You would start by taking any combination of existing school security systems, access control systems, fire systems, camera systems and building floor plans from your emergency action plan book and integrate them into one computer work station in each of your buildings. We will call this workstation a web-engine (to be discussed in detail later). The purpose of this web-engine will be to provide a consolidated view of each of the component systems on a computer monitor. That’s right, on a single screen in the school office will reside a building map(s) with an LED representing each security, fire, access and camera point in the building. The computer program would provide an area for viewing one or more cameras that are called up during an event based on the area within the building reporting the event. A database is automatically viewed providing the name of the event, the date, the time and its severity (priority).
The building map would move to a zoom-in level, which would clearly denote where in the building the problem lies, and the exact point would be flashing with a text block to describe the event further. The video file would include pre-, as well as post-, event video that has been automatically stored in a rapid succession of high-quality digital images to the web-engine’s hard drive.
How would the building administrator know that a problem has just occurred in the building, if no one is watching the web-engine display? The web-engine would incorporate a unique voice message for each and every event that is announced, using PC speakers, intercom path or two-way radio interface. You would know, immediately, the nature of the event and have the opportunity to view all of the details on the web-engine monitor, or console.
First, the details of how this system works on a local level: The security system is not armed, but the web-engine can observe any state change in a door or motion sensor you have asked it to watch. Moreover, the web-engine collects all video resulting from detected motion through the camera lens. Regardless of whether an event is reported or not, the system is passively recording all movement within each camera's field of view for later investigation.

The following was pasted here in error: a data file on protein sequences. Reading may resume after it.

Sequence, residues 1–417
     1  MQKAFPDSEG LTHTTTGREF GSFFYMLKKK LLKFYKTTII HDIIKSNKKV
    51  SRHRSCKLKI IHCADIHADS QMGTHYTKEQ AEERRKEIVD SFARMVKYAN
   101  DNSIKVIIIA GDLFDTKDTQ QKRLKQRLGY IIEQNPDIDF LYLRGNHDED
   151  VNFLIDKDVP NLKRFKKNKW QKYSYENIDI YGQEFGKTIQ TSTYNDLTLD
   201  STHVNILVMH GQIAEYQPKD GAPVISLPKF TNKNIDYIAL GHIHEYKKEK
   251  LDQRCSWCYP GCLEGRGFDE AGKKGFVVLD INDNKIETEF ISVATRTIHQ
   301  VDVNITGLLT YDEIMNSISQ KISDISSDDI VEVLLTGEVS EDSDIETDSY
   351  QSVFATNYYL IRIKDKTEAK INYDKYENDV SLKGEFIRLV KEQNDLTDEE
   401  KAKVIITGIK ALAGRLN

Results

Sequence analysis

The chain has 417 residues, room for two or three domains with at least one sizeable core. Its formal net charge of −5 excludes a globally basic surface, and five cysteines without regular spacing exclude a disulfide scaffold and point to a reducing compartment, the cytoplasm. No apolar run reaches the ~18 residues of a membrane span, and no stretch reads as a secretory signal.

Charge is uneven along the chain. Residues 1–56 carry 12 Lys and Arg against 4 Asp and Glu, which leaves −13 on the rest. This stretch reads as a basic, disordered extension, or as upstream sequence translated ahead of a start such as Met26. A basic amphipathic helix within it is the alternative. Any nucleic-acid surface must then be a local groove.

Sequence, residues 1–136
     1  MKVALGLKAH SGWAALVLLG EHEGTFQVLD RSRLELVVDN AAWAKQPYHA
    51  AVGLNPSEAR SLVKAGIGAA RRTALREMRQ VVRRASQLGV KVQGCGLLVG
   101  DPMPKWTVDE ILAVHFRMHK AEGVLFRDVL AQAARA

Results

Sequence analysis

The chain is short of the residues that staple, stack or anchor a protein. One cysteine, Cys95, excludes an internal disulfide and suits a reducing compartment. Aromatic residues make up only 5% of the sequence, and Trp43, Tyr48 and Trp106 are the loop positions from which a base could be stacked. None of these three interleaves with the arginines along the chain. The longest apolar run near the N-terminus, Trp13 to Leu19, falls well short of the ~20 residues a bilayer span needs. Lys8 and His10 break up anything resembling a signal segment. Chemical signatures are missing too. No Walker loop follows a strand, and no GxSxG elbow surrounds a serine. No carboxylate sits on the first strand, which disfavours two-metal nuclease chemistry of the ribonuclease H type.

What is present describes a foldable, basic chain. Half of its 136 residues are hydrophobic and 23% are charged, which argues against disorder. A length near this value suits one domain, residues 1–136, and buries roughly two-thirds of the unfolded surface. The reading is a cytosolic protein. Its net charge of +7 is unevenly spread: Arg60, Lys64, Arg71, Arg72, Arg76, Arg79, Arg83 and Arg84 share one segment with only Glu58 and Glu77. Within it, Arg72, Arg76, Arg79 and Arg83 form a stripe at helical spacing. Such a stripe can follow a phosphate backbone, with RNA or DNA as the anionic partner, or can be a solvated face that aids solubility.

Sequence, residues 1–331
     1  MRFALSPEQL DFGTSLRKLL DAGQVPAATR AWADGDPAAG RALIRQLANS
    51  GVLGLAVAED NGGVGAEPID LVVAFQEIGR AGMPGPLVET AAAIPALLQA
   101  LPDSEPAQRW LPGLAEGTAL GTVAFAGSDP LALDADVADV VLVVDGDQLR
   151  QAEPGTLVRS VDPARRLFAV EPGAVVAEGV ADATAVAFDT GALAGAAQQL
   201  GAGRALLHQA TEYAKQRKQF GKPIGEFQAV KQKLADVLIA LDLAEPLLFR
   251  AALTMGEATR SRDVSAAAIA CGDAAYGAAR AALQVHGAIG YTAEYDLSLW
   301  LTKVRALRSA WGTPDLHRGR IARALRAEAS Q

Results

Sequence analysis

On a more global level, what if you could automatically summon outside authorities, trained to respond to specific emergencies based on the directives and procedures written in your emergency action plan? What if you could immediately download the building map with point of trouble, video files of the event and a voice announcement over the outside authority's speakers or two-way radio upon a building administrator’s assessment that outside help was needed?
By establishing a central repository (data store) with a console for a community you can move critical information over existing LAN/WAN or Internet connections to outside authorities in any emergency. This accomplishes several objectives. First, you have off-loaded and stored critical information from the local building reporting trouble to an outside location. Second, you have established a new means of communicating during an emergency using the institutional cable loop, DSL or other high-bandwidth Internet connection. Third, you have enabled those responsible for responding to a threat to receive up-to-date information on what is transpiring within the walls of your building on a continuous basis. Fourth, the procedure for handling an emergency is integrated into the web-engine’s programmed response, eliminating user error and reducing poor communications. Fifth, you now have the ability to staff for a full-time person to oversee a large number of buildings for a community or district. Sixth, multiple locations can subscribe to the emergency feed of critical information based on your plan requirements, all simultaneously. Seventh, where you are now distributing the storage of critical information and video events, the need for manually downloading video to CD-ROMs, DAT drives, etc. is eliminated or minimized. Long-term storage using web-engine technology will be months or years.
Finally, what is the definition of a web-engine? The web-engine permits the connection and operation of a myriad of local systems and devices like security, fire, accessCCTV, lighting, heating, ventilation, air-conditioning, electrical load center management and more. Now using a standard browser you can communicate with and directly control any of the interfaced real-world devices or systems. You can learn of their current state or condition and if given permission, alter their state or condition. Moreover, the web-engine contains another component we refer to as a rule engine. It is the rule engine that provides instructions and commands to the other connected systems to orchestrate how they should interoperate with each other. Web-engines can be distributed around a building or campus of buildings, throughout a community or around the globe.
Richard Spellman is vice president of sales for Savoy.